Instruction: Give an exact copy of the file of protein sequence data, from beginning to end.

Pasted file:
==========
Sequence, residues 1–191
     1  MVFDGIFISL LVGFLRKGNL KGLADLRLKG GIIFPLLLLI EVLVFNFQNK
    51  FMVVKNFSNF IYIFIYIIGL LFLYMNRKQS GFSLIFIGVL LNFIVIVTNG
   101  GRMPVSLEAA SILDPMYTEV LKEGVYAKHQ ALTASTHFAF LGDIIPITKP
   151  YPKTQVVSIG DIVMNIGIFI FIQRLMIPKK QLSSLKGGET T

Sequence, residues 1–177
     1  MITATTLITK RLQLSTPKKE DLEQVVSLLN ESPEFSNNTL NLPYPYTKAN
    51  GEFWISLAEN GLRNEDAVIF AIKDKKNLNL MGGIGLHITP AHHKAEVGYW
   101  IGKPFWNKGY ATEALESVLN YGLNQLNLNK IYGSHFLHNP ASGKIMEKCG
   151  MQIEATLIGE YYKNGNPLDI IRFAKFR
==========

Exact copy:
Sequence, residues 1–191
     1  MVFDGIFISL LVGFLRKGNL KGLADLRLKG GIIFPLLLLI EVLVFNFQNK
    51  FMVVKNFSNF IYIFIYIIGL LFLYMNRKQS GFSLIFIGVL LNFIVIVTNG
   101  GRMPVSLEAA SILDPMYTEV LKEGVYAKHQ ALTASTHFAF LGDIIPITKP
   151  YPKTQVVSIG DIVMNIGIFI FIQRLMIPKK QLSSLKGGET T

Sequence, residues 1–177
     1  MITATTLITK RLQLSTPKKE DLEQVVSLLN ESPEFSNNTL NLPYPYTKAN
    51  GEFWISLAEN GLRNEDAVIF AIKDKKNLNL MGGIGLHITP AHHKAEVGYW
   101  IGKPFWNKGY ATEALESVLN YGLNQLNLNK IYGSHFLHNP ASGKIMEKCG
   151  MQIEATLIGE YYKNGNPLDI IRFAKFR